• Additionally, Bon Secours has contributed to the development and growth of more than 40 small businesses through the Supporting East End Entrepreneurship Development (SEED) grant program.
  • In 2017, the campus grew yet again with the addition of the Sarah Garland Jones Center for Healthy Living, focusing on providing community health outward and beyond the walls of the hospital.
  • Our campus continues to grow today, with the most recent addition of the East End Medical Office Building, which supports local health care needs by providing a walk-in wellness clinic and a behavioral health partial hospitalization program.

As health and wellness needs grow and evolve in the East End, as will Richmond Community Hospital and its campus. At Bon Secours, we take pride in continuously evaluating service needs and making decisions to meet the demand in the community.

While we are excited about the direction we are heading, it’s also important to reflect on where we’ve been.

In honor of Black History Month, we are bringing forward just a couple of the voices of those whose work at Richmond Community Hospital has spanned many years. Here are some of their perspectives and what Richmond Community Hospital means to them.

Denise Davis, radiology secretary

Denise Davis has served in the radiology department at Richmond Community Hospital since 1985 and has a real passion for her work. Remarkably, she has never once called out of a shift. Growing up in the East End, she has seen many changes not only in the hospital, but the community as well – especially the rise of technology.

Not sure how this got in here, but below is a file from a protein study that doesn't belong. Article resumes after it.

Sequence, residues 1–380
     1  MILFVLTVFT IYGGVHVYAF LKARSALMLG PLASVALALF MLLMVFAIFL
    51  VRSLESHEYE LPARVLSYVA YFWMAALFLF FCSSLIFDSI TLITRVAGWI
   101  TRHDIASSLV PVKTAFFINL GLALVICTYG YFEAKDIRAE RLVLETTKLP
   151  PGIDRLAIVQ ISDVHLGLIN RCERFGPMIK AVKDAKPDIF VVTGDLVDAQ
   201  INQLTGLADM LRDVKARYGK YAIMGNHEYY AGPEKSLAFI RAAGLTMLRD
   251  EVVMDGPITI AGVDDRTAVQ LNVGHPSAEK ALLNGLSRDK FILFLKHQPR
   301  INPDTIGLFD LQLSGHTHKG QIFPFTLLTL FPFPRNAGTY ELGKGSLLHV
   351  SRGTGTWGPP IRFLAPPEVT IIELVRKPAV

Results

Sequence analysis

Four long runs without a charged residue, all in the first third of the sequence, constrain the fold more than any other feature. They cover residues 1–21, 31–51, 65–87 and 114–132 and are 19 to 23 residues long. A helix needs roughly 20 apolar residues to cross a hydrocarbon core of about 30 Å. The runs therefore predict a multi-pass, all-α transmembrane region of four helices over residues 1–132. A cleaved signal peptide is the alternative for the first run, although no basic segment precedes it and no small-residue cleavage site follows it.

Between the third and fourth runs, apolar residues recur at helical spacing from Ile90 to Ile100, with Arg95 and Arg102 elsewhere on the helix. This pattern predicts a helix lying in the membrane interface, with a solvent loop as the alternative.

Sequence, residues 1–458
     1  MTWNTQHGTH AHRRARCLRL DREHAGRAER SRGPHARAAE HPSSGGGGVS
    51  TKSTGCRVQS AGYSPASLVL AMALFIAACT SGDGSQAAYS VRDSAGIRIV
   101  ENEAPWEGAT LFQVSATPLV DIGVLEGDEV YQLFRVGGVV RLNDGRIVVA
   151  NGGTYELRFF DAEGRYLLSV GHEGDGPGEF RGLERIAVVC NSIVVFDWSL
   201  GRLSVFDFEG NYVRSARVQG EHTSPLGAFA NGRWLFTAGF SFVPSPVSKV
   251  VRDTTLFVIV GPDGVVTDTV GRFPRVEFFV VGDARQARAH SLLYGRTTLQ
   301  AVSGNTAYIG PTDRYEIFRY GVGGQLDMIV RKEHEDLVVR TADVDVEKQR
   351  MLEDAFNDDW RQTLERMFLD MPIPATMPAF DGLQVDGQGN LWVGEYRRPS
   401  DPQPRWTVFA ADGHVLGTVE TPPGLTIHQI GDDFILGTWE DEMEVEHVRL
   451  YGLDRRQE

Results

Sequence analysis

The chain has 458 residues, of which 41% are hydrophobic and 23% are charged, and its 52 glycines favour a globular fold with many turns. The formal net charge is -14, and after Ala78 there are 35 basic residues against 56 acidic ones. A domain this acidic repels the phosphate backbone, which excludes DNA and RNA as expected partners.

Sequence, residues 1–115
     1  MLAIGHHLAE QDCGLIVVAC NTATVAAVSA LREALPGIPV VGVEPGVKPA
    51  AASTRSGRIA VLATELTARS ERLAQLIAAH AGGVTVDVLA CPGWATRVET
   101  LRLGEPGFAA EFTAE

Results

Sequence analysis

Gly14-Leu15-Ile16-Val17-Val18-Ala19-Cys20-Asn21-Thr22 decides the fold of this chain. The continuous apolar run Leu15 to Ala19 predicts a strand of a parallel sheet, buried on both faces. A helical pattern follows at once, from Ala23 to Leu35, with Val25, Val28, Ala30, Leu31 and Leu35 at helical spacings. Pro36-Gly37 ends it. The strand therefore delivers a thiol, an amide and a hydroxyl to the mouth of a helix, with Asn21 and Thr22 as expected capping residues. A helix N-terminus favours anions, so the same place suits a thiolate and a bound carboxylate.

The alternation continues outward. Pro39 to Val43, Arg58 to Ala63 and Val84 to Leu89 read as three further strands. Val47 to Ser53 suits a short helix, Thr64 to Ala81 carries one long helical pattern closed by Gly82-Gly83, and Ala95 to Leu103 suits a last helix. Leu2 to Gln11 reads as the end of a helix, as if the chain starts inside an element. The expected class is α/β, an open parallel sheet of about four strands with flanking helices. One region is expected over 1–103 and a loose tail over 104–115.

“I’ve worked at the hospital since we used to develop X-ray films in a darkroom,” she shares. “I love my job. You never know what a patient may be going through so it’s important to be that smiling face they encounter each day.”

Even during the COVID-19 pandemic, Denise staffed COVID-19 screening tables.

“I couldn’t stay at home,” she adds. “I’m a people person.”

Loretta Hayes Richardson, RN, emergency department

Loretta was inspired to pursue a career as a nurse after witnessing a family member having a stroke right in front of her. She felt helpless and never wanted to experience the helplessness she felt again.

Loretta has served at a variety of different hospitals, but there’s nothing quite like Richmond Community Hospital to her.

“I love the atmosphere here, and I love the people and the patients. I’m all about servant leadership and here, I feel like I have an opportunity to teach patients about diseases and medication and not just provide care one day and send them home. It’s not about me, but what I can do for someone else. I feel like I am making a difference in this community.”

In looking ahead at what’s next for Richmond Community Hospital, our ministry has introduced a new initiative: Community Today, Community Tomorrow. It’s a comprehensive health and wellness plan to benefit the East End community which will be executed through 2025. We partnered with many local stakeholders to identify and understand the community’s key health needs and develop this actionable plan that we are confident will improve the health status of the community. We hope you’ll visit our dedicated website as we track our progress on this plan in real time.

Read more Black History Month stories about our team members.

Also, learn about the health care services we provide at Bon Secours.